It is obvious that the United States Government is assuming some responsibility for the development of the under-developed areas of the world. We who live in some of these under-developed areas are profoundly gratified that such a great nation should realize the urgent need for this economic step. The proposal of the Point Four Programme by President Harry S. Truman is indicative that this part of the world feels that its economic life is affected by the conditions which have caused stagnation in underdeveloped areas, comprising more than half the people of the world. Perhaps it is fitting at this moment to interject an old adage familiar to all of you, that no economic chain can be stronger than its weakest link. From the fact that more than half the chain is weak, it follows that the economic mooring of the world is not too secure.
It is commendable that at this moment in the course of world history, when cold war propaganda has such an unnerving effect on the more highly developed nations, President Truman should propose something that should lighten the tension of this ideological warfare. Such a project is ripe with possibilities that may save the world from a war more devastating than the two struggles that most of us have witnessed in our life-time. The crux of this programme seems to me in a large measure to be the solution of the problem with which we are confronted in West Africa. Moreover, it is a denunciation of the old imperialistic policies based on exploitation of less fortunate people that has heretofore set the world asunder. It means that the people of the western world may look forward to a more bountiful life; that they may feel that they can enter more freely in the competitive struggle to satisfy their human wants. The effect on the people of Africa can be better imagined.
But is there a deeper economic significance to the Point Four Programme? Is it possible that the under-developed areas contain raw materials which the United States must have because the stock-pile reserves are getting dangerously low? To an African who has been conditioned to expect many strange behaviour patterns in international relations, in so far as these patterns have affected Africa, the questions seem to cast the twin shadows of doubt and fear. I am optimistic enough to believe that President Truman must have fully realized that in spite of the urgent need for replenishing the stock-pile of priority materials, such as cocoa, tin, columbite, bauxite, palm products, uranium and so on, which abound in my country, all under-developed areas must be invited to participate in a programme that has the potential ingredient for establishing more firmly the four freedoms so essential to a free world.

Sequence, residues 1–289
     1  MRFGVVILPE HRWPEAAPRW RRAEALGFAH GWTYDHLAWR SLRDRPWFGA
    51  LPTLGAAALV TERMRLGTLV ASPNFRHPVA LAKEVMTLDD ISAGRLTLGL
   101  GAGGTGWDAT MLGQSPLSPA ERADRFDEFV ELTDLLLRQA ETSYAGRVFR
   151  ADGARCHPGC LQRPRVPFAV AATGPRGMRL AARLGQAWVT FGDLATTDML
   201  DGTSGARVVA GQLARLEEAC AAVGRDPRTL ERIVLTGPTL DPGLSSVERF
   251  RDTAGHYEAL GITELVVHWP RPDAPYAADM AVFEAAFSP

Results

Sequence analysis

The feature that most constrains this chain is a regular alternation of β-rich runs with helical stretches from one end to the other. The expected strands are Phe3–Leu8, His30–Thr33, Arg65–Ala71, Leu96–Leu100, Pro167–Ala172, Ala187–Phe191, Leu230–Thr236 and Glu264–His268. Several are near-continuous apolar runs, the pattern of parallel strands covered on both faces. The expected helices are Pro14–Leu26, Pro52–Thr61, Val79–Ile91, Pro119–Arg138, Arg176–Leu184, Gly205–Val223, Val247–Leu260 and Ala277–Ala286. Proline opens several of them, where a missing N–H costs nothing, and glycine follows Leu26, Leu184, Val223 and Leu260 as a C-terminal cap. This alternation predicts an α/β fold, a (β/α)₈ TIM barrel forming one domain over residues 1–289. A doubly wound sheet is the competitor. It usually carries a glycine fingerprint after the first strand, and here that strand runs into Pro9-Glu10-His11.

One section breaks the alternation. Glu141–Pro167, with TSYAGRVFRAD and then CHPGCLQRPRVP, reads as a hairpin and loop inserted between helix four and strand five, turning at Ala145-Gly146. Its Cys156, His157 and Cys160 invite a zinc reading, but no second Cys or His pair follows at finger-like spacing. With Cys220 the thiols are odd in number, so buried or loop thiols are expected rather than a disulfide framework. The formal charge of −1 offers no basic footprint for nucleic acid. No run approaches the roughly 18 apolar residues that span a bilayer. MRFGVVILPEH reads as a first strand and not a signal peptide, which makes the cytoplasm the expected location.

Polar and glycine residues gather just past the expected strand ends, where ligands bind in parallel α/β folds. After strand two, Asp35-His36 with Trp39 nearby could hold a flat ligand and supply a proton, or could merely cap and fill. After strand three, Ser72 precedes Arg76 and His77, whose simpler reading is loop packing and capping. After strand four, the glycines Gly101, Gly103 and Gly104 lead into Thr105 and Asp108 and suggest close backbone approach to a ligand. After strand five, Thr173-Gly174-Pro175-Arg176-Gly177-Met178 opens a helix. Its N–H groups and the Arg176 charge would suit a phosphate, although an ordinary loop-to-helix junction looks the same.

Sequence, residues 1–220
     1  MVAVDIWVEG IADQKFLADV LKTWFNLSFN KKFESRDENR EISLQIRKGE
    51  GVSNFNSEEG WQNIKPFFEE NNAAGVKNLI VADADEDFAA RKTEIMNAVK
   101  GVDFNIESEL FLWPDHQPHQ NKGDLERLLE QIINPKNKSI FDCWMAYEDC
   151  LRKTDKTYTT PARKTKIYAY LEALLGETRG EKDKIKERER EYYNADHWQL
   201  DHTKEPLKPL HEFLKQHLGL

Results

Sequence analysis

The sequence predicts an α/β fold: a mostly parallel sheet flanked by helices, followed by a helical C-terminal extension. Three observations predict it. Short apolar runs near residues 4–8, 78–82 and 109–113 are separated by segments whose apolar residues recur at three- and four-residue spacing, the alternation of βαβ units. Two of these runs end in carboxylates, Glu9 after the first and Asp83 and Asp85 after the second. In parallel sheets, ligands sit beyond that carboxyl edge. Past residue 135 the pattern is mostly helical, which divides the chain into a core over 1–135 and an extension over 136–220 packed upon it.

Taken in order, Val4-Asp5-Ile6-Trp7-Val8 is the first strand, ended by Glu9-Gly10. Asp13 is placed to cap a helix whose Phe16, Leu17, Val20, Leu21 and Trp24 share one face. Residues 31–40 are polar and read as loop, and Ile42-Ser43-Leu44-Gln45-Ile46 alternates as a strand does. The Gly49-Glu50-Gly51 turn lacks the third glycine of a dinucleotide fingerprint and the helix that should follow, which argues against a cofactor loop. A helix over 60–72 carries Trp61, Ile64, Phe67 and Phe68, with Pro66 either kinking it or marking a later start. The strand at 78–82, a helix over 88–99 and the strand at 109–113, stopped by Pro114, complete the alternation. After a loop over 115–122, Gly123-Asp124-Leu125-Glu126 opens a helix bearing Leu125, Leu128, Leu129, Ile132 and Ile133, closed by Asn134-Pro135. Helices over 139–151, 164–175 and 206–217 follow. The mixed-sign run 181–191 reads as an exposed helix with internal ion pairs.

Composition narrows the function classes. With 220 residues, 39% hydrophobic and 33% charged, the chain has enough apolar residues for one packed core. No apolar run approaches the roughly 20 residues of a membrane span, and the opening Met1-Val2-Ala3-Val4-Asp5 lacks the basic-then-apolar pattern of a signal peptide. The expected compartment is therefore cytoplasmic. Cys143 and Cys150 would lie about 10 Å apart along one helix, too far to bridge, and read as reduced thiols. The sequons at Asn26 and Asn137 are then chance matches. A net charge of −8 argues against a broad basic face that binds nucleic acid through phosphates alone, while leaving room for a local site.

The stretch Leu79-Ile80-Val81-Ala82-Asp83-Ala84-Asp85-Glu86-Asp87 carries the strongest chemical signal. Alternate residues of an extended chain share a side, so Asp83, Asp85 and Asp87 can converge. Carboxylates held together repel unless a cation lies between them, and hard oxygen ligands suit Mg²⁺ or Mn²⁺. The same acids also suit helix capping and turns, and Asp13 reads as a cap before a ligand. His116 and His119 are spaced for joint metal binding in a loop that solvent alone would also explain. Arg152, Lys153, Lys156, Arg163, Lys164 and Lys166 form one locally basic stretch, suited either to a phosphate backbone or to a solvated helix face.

One feels that the President had rightly put the aims and objectives of his country first. It follows that all advantages for that country must be considered. That, again, is as it should be for the best interest of this country. But we who live on the other side of the world could derive many benefits from these co-operative efforts. Naturally, our aim would be to work vigorously for the success of such a programme. In it we can visualize a turn of events which can lead ultimately to our independence.
However, the general nature of the President’s Point Four Programme has elicited different interpretations from various interests. Big business in America, for instance, sees it as a new avenue for private ventures and from all appearances suggests that the Government guarantees security of operation against risk. While, on the other hand, the British authorities have interpreted the Point Four Programme as a new device for bridging Britain’s dollar gap. in the light of this latter interpretation, which is very vital to the struggle we are making for freedom, it is heartening to know that the United States is not necessarily in accord with Britain on this score. This may suggest the reason for the Kennan Report’s recommendation of an on-the-spot study of the African situation. It may hasten the day when the United States and Britain must re-orient their policies in respect of future relations with Africa as an under-developed area.